Application of new isotope methods: Two interventions in insulin resistant rodent models

2007 2007

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Abstract (summary)

A 2H2O labeling method is applied to the measurement of mitochondrial biogenesis, represented by mitochondrial (mt) DNA synthesis, in vivo in voluntary exercised healthy and insulin resistant rodents. A time course study revealed a transient induction of mitochondrial biogenesis in voluntary exercised female Sprague Dawley (SD) rats. Voluntary exercised female rats reached steady running distances of ∼10,000 m/day by the third week. MtDNA fractional synthesis from the red portion of the gastrocnemius was increased 3.7-fold after 1 week of voluntary wheel running, but returned to baseline after the third week. No significant increase in cytochrome C oxidase activity was observed.

The influence of biological sex on voluntary wheel running behavior and on associated mitochondrial adaptations was also investigated. Female rats ran 3.6-fold fold farther per day than age matched male rats after 2 weeks of access to running wheels; no increase in mtDNA fractional synthesis was observed in male rats. High fat feeding did not affect wheel running or the associated stimulation of mtDNA fractional synthesis in female rats. Two insulin resistant rodent models, Zucker Diabetic Fatty (ZDF) and Zucker Fatty (fa/fa) female rats, were tested for spontaneous running and associated changes in mtDNA synthesis. Female ZDF rats ran 6250 m/day during the second week of access to wheel running and mtDNA fractional synthesis was significantly elevated in the red (1.7-fold), but not white gastrocnemius muscle. In contrast, non-diabetic female Zucker Fatty (fa/fa) rats ran only 1550 m/day, with large variability in distance run. A significant correlation between distance run and mtDNA synthesis was observed in the red portion of the gastrocnemius of fa/fa rats (r2 = 0.88, p < 0.05).</p>

Rosiglitazone, a PPAR-γ agonist commonly used for the treatment of insulin resistance, was administered to male ZDF pre-diabetic rats. Four weeks of oral rosiglitazone treatment (3mg/kg/day) decreased fractional synthesis of mtDNA to 65% of the rate of the control group in both the red and white portions of the gastrocnemius. Two weeks of pre-treatment with rosiglitazone reduced spontaneous wheel running distance by 90%. The reduced wheel running behavior was sufficient to ablate the decrease in mtDNA fractional synthesis induced by rosiglitazone treatment in the red, but not the white portions of the gastrocnemius.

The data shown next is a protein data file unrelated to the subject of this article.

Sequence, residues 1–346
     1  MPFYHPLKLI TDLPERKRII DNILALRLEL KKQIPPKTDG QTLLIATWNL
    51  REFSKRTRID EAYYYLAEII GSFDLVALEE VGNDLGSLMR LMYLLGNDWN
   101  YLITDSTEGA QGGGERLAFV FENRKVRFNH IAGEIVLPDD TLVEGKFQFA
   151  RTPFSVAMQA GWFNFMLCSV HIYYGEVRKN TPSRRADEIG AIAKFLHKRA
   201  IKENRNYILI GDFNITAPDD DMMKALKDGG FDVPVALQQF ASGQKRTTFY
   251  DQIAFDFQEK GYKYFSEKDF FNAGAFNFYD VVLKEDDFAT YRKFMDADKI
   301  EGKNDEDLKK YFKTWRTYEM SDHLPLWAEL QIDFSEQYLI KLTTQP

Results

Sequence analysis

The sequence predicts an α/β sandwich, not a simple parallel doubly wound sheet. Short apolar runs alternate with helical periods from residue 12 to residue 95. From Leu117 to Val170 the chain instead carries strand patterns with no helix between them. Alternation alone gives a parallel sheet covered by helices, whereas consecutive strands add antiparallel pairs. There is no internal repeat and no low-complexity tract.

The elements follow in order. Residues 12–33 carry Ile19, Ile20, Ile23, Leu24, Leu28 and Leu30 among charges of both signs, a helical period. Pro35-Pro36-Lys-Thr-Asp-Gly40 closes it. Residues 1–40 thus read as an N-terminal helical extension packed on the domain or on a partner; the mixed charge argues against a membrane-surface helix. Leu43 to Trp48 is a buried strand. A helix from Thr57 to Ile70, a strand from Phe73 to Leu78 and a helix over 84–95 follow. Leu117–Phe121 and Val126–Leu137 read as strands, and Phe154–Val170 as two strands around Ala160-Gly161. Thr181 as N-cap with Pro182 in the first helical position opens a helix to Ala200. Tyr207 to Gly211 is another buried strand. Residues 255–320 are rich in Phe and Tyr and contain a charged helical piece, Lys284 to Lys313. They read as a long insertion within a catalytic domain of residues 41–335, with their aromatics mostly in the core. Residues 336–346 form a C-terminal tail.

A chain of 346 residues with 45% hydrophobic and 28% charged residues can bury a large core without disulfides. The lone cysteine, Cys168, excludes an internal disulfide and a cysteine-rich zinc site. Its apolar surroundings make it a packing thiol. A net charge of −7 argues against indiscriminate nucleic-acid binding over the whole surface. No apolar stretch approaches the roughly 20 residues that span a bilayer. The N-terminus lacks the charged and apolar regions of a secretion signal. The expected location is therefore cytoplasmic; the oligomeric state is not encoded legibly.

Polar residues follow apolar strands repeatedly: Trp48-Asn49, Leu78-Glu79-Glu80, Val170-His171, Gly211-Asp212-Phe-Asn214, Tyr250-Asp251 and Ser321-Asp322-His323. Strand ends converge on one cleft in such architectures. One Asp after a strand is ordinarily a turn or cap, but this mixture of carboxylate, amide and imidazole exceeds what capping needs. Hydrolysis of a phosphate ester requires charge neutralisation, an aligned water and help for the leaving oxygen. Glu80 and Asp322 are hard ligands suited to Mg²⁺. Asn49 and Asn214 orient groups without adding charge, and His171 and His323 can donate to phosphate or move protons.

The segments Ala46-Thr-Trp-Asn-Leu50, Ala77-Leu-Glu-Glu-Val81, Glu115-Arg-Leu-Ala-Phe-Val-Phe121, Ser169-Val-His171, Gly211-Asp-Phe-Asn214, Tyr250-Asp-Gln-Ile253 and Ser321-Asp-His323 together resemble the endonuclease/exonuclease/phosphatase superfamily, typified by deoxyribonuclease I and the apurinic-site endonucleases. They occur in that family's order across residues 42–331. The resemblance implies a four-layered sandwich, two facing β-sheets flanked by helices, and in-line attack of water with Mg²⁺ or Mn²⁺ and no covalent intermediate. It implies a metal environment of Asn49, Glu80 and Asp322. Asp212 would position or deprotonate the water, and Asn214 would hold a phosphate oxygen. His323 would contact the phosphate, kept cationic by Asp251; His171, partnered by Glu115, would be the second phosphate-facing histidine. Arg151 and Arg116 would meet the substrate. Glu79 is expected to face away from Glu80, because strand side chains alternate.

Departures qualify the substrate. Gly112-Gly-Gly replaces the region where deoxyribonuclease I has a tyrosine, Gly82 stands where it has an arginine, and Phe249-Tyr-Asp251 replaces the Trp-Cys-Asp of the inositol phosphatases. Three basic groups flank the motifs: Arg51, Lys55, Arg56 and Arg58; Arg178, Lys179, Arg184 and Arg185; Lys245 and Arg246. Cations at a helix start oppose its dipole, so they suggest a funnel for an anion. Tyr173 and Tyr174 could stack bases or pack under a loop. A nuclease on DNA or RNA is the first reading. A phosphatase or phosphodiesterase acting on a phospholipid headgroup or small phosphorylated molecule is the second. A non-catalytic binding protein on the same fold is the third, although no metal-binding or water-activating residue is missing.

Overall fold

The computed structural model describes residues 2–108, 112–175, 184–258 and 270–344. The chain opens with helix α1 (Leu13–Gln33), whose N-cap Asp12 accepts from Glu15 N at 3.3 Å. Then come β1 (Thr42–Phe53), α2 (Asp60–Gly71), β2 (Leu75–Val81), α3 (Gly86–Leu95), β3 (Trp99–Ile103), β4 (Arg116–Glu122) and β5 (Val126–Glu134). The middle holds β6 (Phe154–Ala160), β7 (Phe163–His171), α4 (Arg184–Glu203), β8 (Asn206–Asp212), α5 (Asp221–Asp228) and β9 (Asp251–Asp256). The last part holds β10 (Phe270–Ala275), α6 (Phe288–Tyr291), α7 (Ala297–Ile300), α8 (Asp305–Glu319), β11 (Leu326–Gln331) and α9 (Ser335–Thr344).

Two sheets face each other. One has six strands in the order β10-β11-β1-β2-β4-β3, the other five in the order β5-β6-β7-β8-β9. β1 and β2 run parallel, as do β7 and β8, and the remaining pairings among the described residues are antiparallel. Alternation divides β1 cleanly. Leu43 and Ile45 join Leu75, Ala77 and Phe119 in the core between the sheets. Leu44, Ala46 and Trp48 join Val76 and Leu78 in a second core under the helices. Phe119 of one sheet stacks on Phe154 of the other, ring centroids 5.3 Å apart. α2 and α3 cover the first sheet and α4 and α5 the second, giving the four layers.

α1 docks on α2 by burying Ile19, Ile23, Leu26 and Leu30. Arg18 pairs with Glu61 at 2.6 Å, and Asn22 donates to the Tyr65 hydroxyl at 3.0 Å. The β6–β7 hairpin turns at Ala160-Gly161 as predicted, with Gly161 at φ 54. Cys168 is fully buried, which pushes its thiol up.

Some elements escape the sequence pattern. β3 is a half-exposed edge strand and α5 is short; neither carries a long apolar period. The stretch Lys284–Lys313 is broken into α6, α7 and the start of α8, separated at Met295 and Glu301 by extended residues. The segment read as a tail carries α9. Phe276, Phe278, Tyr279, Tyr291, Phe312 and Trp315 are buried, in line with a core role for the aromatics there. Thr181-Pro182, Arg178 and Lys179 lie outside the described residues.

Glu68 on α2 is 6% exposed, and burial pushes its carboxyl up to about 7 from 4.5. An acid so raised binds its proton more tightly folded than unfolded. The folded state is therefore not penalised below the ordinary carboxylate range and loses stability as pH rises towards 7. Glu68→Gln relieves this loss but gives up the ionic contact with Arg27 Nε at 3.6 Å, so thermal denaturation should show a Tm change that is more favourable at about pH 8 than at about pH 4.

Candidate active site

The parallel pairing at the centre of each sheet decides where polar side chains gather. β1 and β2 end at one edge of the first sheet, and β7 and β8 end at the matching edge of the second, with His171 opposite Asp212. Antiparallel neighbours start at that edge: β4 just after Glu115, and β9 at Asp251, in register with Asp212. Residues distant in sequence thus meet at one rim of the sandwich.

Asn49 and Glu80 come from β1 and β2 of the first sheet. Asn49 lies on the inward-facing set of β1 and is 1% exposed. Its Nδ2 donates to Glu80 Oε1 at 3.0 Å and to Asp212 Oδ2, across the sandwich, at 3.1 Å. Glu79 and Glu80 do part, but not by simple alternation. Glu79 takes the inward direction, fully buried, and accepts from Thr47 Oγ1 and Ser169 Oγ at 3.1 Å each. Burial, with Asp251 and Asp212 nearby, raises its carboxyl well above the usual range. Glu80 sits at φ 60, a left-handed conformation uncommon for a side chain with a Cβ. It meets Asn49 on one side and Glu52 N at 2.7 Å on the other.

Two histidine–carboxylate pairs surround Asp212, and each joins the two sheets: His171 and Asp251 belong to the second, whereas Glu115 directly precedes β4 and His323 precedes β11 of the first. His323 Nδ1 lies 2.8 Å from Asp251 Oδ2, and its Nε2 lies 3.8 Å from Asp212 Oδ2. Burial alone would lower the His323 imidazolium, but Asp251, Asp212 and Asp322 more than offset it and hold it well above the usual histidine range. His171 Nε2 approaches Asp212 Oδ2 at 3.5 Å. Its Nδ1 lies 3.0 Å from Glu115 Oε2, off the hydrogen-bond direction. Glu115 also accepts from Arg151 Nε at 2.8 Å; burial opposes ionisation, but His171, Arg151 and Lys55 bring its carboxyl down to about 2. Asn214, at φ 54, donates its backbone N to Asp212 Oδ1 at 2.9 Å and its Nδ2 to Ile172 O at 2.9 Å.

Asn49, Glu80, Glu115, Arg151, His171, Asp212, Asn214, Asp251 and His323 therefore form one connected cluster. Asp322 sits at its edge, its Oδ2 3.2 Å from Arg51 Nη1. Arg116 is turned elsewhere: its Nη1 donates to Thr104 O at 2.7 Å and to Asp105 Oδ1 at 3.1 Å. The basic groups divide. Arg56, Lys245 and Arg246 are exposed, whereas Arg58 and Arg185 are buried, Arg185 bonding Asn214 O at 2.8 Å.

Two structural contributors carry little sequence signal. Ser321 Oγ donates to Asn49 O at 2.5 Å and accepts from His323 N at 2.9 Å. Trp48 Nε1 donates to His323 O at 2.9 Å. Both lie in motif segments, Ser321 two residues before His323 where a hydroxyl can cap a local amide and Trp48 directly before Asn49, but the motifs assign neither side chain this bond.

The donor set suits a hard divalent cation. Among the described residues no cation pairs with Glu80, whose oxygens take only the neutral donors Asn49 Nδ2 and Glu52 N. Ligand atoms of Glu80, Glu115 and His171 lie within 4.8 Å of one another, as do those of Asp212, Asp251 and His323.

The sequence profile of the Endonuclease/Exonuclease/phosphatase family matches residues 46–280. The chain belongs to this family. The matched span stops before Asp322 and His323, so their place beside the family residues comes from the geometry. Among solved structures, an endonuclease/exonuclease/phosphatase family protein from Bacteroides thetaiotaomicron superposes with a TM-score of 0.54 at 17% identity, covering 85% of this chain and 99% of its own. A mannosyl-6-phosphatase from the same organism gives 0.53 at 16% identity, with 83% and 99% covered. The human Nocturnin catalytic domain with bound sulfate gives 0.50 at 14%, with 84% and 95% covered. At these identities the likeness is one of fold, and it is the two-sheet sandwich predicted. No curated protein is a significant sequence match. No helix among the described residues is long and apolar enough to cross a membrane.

In summary, changes in mtDNA synthesis can be measured by D2O labeling. Voluntary wheel running causes a transient increase in mtDNA fractional synthesis and these changes in mtDNA synthesis are more sensitive than changes in mitochondrial enzyme activity. The mitochondrial biogenic response to voluntary exercise is running dependent. Animals with high innate wheel running behavior (female SD, female ZDF, and male ZDF) show increased mtDNA synthesis in response to exercise, while the response is absent in animals with low innate running behavior (male SD and female fa/fa). A PPAR-γ agonist (rosiglitazone) reduces voluntary exercise and mtDNA synthesis. We conclude that measurement of mtDNA synthesis by D2O is a very sensitive biomarker of mitochondrial plasticity in skeletal muscle in response to wheel running, and use of this approach allows subtle influences on mitochondrial biogenesis to be detected, including the effects of sex, genetic strain, distance run, and pharmacologic agents.

Indexing (details)

Anatomy & physiology
0487: Biochemistry
0570: Nutrition
0719: Anatomy & physiology
Identifier / keyword
Health and environmental sciences; Pure sciences; Biological sciences; Insulin resistance; PPARgamma; Rosiglitazone; mtDNA
Application of new isotope methods: Two interventions in insulin resistant rodent models
Thomas, Tiffany Adriana
Number of pages
Publication year
Degree date
School code
DAI-B 68/08, Dissertation Abstracts International
Place of publication
Ann Arbor
Country of publication
United States
Hellerstein, Marc K.
University of California, Berkeley
University location
United States -- California
Source type
Dissertations & Theses
Document type
Dissertation/thesis number
ProQuest document ID
Database copyright ProQuest LLC; ProQuest does not claim copyright in the individual underlying works.
Document URL
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